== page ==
Monday March 25, 16.30-18.15 – Prof dr Marcellus Ubbink
Spins & spinning proteins
Proteins interact with many molecules to perform their diverse functions. To understand protein interactions at the molecular level means we need to determine structures and study the dynamics of protein complexes. Nuclear magnetic resonance (NMR) is the technique in which nuclear spins are observed to gain structural information. A recent development in NMR, the introduction of unpaired electrons in protein samples, enables new, exciting views on proteins. Unpaired electrons are themselves very strong spins that interact with nuclear spins. Such electrons are not found in proteins, so new chemical probes have been built, which can be linked to proteins in well-defined ways (Figure: protein with metal probe attached). This lecture will introduce the basic background of the physical mechanisms and give some examples of what can be learned about proteins in this new multidisciplinary field in which biochemistry, synthetic chemistry, biophysics and structural biology come together.
Monday, April 1, 16.30-18.15 – Prof dr Hans Aerts
Cellular and chemical studies in lysosomal storage diseases
Abnormalities in metabolism cause disease in man. The research group of prof dr Hans Aerts aims to translate the outcome of fundamental biochemical investigations on glycosphingolipids and their metabolizing enzymes to improved diagnosis and rational therapies for inherited lysosomal disorders, neuro-degenerative disease and metabolic syndrome. Both fundamental chemical and cellular studies and medical applications will be discussed.
Monday, April 8, 16.30-18.15 – Dr Bobby Florea
Catching enzymes in the act
Enzymes are the best chemists on the planet! They can catalyze some reactions that we can only reconstruct under extreme conditions. Obviously, we need to understand and categorize all possible enzymes present in living organisms. The image shows the chemists view of this topic: the enzyme possesses a reactive group (generally referred to as nucleophile) that is captured by a chemical compound that contains an electrophilic trap and a visualization tag. During this class we will discuss examples of activity-based profiling of enzymes using chemically synthesized molecular probes, coupled to advanced detection and identification methods.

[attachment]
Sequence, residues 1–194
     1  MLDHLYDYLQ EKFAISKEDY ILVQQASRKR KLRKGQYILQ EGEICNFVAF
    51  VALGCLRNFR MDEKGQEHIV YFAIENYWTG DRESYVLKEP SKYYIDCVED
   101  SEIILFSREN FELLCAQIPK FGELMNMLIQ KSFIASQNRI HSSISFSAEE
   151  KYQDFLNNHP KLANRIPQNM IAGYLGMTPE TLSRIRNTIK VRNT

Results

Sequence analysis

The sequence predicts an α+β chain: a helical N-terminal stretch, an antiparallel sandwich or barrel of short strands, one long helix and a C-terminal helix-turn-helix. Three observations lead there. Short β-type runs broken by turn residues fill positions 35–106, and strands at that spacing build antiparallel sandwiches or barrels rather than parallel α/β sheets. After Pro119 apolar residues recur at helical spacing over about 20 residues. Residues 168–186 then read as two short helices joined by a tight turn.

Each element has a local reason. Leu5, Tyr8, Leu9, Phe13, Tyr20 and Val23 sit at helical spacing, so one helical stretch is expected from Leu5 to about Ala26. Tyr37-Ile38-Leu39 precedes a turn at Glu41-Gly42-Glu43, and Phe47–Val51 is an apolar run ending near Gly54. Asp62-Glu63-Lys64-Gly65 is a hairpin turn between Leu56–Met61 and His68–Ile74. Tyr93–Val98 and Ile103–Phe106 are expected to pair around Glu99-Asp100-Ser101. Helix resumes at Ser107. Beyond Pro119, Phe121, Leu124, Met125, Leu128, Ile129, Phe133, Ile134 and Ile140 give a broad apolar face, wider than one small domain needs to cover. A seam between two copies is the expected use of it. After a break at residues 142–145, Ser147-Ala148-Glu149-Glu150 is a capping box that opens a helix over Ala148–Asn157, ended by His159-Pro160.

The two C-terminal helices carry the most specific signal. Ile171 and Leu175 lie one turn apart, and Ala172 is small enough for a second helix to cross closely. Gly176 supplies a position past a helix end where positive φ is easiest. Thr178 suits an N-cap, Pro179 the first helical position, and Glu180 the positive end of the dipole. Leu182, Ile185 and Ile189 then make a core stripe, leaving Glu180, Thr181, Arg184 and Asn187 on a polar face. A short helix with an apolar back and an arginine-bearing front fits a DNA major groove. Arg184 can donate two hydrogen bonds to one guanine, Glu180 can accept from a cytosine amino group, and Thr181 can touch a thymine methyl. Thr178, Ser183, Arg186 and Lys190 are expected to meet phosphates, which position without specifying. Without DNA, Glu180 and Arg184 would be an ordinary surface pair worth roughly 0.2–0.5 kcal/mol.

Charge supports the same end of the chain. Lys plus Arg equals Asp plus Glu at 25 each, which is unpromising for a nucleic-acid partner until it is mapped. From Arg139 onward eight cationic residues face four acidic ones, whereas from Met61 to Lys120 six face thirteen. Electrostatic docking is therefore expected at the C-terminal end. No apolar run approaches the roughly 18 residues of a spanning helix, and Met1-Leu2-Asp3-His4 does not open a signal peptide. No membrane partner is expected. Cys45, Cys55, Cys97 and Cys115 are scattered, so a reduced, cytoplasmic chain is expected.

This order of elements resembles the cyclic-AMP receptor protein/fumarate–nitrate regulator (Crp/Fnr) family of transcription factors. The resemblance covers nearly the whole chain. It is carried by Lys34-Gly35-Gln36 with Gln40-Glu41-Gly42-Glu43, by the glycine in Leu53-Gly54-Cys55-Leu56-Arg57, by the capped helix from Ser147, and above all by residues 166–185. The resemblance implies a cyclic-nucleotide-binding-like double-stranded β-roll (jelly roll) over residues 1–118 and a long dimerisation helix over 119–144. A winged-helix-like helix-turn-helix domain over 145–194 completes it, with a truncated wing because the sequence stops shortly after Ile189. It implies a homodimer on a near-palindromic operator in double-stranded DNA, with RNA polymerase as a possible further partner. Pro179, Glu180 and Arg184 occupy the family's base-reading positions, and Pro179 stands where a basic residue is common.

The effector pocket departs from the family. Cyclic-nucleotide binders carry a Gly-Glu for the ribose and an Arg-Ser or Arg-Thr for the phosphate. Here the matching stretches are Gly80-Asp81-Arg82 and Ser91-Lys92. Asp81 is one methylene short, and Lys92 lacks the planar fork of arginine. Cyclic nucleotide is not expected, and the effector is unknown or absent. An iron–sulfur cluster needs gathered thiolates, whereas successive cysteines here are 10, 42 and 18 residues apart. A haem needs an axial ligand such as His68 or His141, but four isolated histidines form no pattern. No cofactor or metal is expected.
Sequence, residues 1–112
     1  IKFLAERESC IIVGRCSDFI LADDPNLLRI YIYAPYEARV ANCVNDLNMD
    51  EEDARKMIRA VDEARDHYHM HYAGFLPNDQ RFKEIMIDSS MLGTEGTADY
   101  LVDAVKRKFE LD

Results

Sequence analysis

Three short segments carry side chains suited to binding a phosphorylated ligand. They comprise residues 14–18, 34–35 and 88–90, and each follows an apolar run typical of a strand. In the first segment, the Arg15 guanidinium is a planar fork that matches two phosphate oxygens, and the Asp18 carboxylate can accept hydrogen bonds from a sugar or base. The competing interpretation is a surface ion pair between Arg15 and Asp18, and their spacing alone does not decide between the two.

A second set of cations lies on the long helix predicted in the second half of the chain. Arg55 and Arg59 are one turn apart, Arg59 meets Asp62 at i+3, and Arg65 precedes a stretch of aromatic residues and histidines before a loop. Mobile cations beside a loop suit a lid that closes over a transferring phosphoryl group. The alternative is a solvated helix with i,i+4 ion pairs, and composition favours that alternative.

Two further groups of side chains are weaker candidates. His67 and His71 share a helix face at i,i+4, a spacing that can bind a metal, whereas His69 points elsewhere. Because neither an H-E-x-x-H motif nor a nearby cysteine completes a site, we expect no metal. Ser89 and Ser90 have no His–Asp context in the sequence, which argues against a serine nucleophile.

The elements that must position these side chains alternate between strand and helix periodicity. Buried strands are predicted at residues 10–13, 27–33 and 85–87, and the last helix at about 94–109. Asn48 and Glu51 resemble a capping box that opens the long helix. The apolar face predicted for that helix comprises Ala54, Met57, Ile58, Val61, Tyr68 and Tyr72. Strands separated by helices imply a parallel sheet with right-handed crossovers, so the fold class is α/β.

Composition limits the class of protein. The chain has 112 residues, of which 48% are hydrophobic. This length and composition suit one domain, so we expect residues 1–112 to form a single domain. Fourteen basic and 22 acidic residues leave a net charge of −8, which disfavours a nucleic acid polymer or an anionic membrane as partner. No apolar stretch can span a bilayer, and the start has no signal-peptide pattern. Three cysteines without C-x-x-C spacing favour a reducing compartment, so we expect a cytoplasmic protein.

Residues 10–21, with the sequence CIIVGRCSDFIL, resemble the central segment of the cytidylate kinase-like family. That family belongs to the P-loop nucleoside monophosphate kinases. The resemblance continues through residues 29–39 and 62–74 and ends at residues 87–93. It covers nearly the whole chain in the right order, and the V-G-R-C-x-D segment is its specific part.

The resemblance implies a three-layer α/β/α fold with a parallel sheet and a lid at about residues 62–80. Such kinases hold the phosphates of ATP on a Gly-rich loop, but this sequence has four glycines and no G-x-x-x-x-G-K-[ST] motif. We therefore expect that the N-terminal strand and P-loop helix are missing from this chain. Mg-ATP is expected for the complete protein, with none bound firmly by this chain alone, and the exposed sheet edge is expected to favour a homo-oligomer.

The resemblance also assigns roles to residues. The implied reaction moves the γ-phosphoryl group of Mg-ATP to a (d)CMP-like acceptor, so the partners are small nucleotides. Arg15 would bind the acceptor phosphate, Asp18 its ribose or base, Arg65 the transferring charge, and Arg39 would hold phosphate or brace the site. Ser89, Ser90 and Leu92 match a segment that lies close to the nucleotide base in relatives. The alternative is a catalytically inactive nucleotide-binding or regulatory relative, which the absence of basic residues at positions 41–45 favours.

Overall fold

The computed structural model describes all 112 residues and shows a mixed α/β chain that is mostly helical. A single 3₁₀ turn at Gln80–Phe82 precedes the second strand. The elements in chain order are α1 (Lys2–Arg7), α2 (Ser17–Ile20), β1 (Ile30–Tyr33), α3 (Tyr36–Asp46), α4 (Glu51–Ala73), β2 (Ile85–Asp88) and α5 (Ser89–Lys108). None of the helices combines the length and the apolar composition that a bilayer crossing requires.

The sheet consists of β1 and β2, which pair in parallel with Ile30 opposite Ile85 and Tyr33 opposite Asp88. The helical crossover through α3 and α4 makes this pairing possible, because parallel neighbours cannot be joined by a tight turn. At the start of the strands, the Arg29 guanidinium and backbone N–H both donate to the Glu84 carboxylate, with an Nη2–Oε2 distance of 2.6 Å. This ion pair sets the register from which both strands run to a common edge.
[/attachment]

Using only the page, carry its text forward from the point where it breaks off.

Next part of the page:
Monday, April 15, 16.30- 18.15 – Prof dr Jaap Brouwer
Engineering kinases to reveal their targets
A large panel of various kinases are crucial players in many essential cellular processes such as cell signaling. Kinases modify many cellular substrates. Therefore, it is not a surprise that many diseases such as cancer as linked to derailed kinase activities. Modern chemical approaches will be discussed that can interfere with (derailed) kinases.
Monday, April 29, 16.30-18.15 – Dr Roxanne Kieltyka
Biomaterials in medical applications
Fundamental chemical approaches such as the development of hydrogels are getting more and more essential as tools for medical applications in the future. The research group of dr Kieltyka designs and synthesizes molecules that self-assemble into polymeric materials using specific non-covalent interactions. These substrates can be used for numerous applications in medicine ranging from disease detection to cell delivery depending on the (bio)molecular design of the self-assembling modules. Both fundamental chemical aspects as well as applied life sciences and (bio)medical applications will be discussed.